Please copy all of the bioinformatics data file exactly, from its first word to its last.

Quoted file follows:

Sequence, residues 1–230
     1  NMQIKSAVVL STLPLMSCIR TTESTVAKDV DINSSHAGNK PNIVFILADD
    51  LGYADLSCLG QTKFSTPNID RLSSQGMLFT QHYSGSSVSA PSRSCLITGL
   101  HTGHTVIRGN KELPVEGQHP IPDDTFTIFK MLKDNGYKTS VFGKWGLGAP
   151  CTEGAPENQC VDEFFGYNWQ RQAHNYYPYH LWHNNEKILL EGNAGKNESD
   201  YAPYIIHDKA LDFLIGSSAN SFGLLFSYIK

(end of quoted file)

Sequence, residues 1–230
     1  NMQIKSAVVL STLPLMSCIR TTESTVAKDV DINSSHAGNK PNIVFILADD
    51  LGYADLSCLG QTKFSTPNID RLSSQGMLFT QHYSGSSVSA PSRSCLITGL
   101  HTGHTVIRGN KELPVEGQHP IPDDTFTIFK MLKDNGYKTS VFGKWGLGAP
   151  CTEGAPENQC VDEFFGYNWQ RQAHNYYPYH LWHNNEKILL EGNAGKNESD
   201  YAPYIIHDKA LDFLIGSSAN SFGLLFSYIK